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Thursday, November 5, 2009

Application of the Cooperative Model of Teaching with a Lesson on Israel

When mentoring our pre-service and in-service teachers we need to describe and model both research-based and clinically tested best practices. Accordingly our mentees should know about the Cooperative Learning Model of Teaching.

Now let’s insert into the six-step Cooperative Learning Model of Teaching template a lesson on Israel.

The Six Steps of the Cooperative Learning Model of Teaching

Enduring Jewish Knowledge: Knowledge about Israel

Content: An assessment of the facts that students know about the state of Israel

Cooperative Learning Procedure:

*Rally Round



Teacher and/or Student Behavior


Get students ready to learn, and clarify the objective/s

· Teacher gets the students ready to learn and says, “Let’s find out how many facts you know about the State of Israel.”

· Teacher identifies the objective/s for the lesson and says, “Today we are going to prove that you really know more about the State of Israel than you might have ever imagined.”


Present information

· Teacher presents this challenge, “I believe that you know a lot about Israel. In fact, I believe that you know about the geography, history, music, religions, art, and much more.”


Organize students into learning teams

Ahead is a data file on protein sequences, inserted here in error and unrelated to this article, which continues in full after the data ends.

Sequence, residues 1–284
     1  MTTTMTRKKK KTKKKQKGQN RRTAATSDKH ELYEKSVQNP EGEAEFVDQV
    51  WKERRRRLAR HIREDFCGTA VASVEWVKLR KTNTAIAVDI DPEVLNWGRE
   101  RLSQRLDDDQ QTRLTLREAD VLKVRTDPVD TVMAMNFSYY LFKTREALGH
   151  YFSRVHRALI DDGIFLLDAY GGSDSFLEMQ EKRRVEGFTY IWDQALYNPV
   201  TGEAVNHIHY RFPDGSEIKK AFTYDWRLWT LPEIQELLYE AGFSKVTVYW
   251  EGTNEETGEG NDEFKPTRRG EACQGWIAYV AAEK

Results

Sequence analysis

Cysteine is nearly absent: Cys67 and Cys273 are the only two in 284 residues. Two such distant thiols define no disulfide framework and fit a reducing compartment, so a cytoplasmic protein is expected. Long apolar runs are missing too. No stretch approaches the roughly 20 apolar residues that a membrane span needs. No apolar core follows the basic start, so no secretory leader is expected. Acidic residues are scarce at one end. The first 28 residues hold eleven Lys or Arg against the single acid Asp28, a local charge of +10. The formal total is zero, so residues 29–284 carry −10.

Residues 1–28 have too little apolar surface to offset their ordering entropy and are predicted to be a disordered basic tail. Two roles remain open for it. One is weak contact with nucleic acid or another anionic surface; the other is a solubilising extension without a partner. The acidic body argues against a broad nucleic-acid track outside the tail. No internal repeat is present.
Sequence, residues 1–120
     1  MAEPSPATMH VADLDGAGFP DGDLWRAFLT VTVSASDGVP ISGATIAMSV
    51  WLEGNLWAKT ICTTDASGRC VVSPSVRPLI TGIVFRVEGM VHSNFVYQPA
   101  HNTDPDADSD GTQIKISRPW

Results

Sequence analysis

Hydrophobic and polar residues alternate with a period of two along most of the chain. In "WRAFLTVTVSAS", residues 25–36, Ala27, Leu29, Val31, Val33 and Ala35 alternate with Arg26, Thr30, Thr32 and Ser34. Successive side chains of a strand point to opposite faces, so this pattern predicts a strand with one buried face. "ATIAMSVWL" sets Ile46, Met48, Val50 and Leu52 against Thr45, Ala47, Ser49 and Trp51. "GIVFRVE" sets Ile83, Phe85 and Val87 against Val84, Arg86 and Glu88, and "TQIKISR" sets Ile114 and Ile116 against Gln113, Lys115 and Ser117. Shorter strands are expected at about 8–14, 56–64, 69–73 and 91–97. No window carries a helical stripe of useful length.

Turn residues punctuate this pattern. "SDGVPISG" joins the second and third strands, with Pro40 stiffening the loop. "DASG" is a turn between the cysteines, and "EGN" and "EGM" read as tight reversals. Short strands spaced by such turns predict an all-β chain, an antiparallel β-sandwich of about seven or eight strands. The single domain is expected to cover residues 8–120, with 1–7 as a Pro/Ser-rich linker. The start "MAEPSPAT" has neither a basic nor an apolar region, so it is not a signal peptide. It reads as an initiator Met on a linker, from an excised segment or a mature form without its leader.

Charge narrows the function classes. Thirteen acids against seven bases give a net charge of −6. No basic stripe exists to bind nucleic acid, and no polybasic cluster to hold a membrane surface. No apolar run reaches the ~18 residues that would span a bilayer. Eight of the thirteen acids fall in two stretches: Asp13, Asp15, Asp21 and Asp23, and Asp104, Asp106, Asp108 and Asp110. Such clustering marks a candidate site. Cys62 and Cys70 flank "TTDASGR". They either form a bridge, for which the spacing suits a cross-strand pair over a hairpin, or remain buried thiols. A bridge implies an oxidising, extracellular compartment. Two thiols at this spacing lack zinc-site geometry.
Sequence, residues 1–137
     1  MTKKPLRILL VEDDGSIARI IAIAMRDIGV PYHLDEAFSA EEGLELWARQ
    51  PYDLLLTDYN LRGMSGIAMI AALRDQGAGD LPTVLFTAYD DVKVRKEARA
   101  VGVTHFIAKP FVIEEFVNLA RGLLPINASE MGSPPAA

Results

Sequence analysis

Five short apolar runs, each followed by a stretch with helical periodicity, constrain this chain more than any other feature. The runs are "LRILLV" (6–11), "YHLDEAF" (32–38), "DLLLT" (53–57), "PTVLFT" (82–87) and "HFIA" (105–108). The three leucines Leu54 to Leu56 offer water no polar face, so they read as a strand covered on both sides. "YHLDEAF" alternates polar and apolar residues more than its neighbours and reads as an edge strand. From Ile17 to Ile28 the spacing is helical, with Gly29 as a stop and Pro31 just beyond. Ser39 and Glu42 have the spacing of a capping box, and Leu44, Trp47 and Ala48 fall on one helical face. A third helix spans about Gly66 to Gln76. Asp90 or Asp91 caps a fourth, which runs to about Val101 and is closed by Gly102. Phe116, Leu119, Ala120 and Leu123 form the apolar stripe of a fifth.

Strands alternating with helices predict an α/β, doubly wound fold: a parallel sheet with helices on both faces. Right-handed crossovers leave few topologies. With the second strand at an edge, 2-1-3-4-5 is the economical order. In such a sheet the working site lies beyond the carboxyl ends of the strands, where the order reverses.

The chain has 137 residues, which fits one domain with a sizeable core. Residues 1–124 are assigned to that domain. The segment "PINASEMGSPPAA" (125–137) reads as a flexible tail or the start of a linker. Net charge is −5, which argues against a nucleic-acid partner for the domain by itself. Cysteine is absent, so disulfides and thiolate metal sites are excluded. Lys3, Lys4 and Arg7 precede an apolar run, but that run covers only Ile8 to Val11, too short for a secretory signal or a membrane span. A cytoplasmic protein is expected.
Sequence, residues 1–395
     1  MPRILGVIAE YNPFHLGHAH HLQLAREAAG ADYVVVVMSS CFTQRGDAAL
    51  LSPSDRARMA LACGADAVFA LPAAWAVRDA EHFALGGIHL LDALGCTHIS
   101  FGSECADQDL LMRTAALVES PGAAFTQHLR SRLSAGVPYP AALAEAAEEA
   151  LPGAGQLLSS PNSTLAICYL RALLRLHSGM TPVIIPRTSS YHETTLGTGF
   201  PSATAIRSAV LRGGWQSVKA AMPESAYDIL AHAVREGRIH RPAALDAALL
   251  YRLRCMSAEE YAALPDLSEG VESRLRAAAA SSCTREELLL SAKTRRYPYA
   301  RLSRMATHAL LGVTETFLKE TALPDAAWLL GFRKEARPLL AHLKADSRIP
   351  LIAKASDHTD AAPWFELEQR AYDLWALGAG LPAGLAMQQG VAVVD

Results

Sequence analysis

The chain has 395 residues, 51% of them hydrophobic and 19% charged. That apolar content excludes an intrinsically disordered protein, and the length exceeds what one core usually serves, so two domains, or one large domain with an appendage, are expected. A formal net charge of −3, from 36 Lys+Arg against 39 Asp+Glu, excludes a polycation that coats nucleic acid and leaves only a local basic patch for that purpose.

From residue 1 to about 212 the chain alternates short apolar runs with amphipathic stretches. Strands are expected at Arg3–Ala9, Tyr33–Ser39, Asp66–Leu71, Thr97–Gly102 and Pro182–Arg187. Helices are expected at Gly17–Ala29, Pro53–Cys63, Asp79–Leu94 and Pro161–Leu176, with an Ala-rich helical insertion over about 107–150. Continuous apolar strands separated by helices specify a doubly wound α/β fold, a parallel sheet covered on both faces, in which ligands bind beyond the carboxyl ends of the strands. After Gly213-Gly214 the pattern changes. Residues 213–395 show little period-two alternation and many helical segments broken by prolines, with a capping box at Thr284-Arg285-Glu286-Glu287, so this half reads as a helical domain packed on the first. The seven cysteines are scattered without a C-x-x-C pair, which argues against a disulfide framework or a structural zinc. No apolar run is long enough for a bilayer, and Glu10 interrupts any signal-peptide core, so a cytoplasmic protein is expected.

· Teacher places students into learning pairs and says, “Spend a moment to think about all the facts that you individually know about Israel, and record those facts in your notebook. After a minute you will share one item from your list with your learning partner. Select one person to speak first, and let him share one fact from his list. If you, the learning partner, have that fact on your list, place a check next to it. If you don’t have that fact on your list, add it to your list. Then reverse the process. You share one fact, and your partner either checks it off, or adds that fact to his list. Please do not discuss the facts on your lists. Just record them. We will discuss whether your facts about Israel are correct later. Who can explain what you are about to do?” After the teacher is certain that her students understand this cooperative procedure called Rally Round, she invites the students to proceed.


Assist team work

· Teacher monitors the work and interactions of the learning pairs.


Students demonstrate content mastery

· The teacher invites each student in the class to share one fact from his or her list. If a statement by a student is incorrect, the teacher or a student can challenge that fact. Each student is encouraged to create a master list of all the facts that the class knows about Israel.



Provide recognition

· After recording all the facts that the students have generated, the teacher concludes the lesson by saying, “At the beginning of this lesson I said you know more facts about Israel than you had ever imagined. Well, you should be proud of how much you know about Israel, and later in the week I’m going to ask you what other information you’d like to learn about Israel.”

*Rally Round is a cooperative procedure that can be found in Kagan, S. & Kagan, M. (2009). Kagan Cooperative Learning. San Clemente, CA: Kagan Publishing, .

On the next post we will share excerpts of an article, Cooperative Learning: Research and Implementation for Jewish Education, that Neil Davidson and I wrote.

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